English ivy

Hedera helix

English ivy is an evergreen climbing vine. It is an aggressive invader that threatens all vegetation levels of forested and open areas, growing along the ground as well as into the forest canopy. It is widely used as a fast-growing, low maintenance, evergreen groundcover and climber but, once established at a site, it can be expected to move beyond its intended borders by vegetative means or by seed dispersal.


European blackberry

Rubus fruticosus

Thorny shrub to 2m high with strongly arching stems that root at the growing point of the shoot. Green leaves, sometimes grey-downy beneath. White or pink flowers with petals that are much longer than the sepals, appearing from September to January. The flowerheads are prickly. The edible fruits are red turning black.


European elder

Sambucus nigra

The European elder is a deciduous shrub or small tree reaching 6m tall. Tiny, white, scented flowers appear in a flat-topped cluster in late spring to summer.  The flowers are hermaphroditic (have both male and female parts).


European gorse

Ulex europaeus (Fabaceae)

Much branched, densely spiny shrub growing up to 1,5m high with hairy, striated young branches and green spines which are deeply furrowed, rigid and sharp pointed. The dark green leaves are distinctly jagged and pointy. It produces bright yellow, fragrant flowers in spring, followed by dark brown or black, hairy pods.


False Aralia

Schefflera elegantissima

False Aralia is a sparsely-branched, erect shrub to 3m or more, with leaves to 30cm in length, composed of radiating, narrow, toothed, dark bronze-green leaflets, becoming broader on adult plants. Leaf colour is coppery red at first, but changes to very deep green - in fact almost black. The central stem and leaf-stalks are mottled with creamy white.


False lebbeck

Albizia procera (Fabaceae)

 
Spreading tree to 15m high with smooth bark that doesn't have a peeling appearance with bipinnate green leaves. Whitish or yellow flowers in terminal panicles appear from November to March. Light to dark brown, shiny, rattling pods with raised bumps. Poisonous and invades river banks and subtropical coastal bush.


Famine Weed

Parthenium hysterophorus (Asteraceae)

Annual herb growing up to 1,5m high with an erect, longitudinally grooved, hairy stem and deep tap root. It has pale green, hairy leaves and small white flowers in compact heads, appearing from September to May. The whole plant is a skin and respiratory irritant. It invades roadsides, rail sides, water courses, cultivated fields and overgrazed land.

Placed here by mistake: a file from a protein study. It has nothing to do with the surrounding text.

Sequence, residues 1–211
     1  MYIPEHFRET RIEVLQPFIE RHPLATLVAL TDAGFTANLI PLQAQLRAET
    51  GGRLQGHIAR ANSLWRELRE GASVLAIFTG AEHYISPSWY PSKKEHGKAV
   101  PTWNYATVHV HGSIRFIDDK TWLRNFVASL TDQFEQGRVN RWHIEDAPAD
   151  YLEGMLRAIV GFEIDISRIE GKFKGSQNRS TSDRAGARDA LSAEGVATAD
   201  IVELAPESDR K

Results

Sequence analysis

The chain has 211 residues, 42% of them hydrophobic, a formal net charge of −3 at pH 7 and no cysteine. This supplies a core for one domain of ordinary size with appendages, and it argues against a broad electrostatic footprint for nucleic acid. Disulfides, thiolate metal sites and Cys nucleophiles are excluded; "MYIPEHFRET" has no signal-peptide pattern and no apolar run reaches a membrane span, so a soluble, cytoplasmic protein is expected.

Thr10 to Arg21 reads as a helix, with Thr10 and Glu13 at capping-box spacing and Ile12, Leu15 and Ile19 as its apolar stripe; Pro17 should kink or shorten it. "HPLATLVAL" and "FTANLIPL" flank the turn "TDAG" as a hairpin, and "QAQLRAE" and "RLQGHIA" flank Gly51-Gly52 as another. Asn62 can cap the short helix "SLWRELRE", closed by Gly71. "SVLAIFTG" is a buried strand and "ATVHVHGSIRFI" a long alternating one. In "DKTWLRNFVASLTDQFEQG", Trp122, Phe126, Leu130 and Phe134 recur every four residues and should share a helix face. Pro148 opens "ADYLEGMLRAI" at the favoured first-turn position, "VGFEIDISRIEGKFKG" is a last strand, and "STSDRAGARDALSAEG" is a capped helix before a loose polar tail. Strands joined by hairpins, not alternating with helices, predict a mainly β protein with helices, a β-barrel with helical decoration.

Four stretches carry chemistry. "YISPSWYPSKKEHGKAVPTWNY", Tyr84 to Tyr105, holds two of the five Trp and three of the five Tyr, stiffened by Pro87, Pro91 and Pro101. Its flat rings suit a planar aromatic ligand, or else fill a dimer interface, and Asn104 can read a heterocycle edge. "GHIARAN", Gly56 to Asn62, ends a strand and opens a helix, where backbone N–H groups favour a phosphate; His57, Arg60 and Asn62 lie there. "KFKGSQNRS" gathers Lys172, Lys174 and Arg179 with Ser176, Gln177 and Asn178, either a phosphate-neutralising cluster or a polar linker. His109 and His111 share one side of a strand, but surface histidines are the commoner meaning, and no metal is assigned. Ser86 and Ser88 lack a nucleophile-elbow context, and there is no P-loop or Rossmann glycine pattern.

To view famine weed map of the world click the following link: http://www.invasives.org.za/resources/downloadable-resources/finish/70-famine-weed-parthenium-hysterophorus/974-famine-weed-map-of-the-world.html


Feathertop

Pennisetum villosum (Poaceae)

A sparsely branching, perennial grass which is open and creeping with feathery, spike-like inflorescences. The bristles are long and detach with the spikelets. Leaves are up to 40cm long and are not rigid or ending with sharp points. Inflorescence 40-70mm long and is white or light brown. This grass invades roadsides and disturbed sites and has a preference for colder areas.


Field Bindweed

Convolvulus arvensis

Slender, twining herbaceous perennial with stems up to 3m long. Bright green leaves with arrow-shaped bases. Pale pink or white flowers, sometimes with red stripes, usually solitary on long stalks, from October to March. Brown capsules bearing four seeds.Invades : Roadsides, waste areas, agricultural crop lands, disturbed grasslands


Forest inkberry

Phytolacca octandra

This is an erect, short-lived perennial (living more than 1 growing season) herb with woody base, growing to 2m tall. Stems are green with a reddish tinge, smooth and hairless. Often found in moist areas but may be found in any disturbed area where birds have dropped the seed.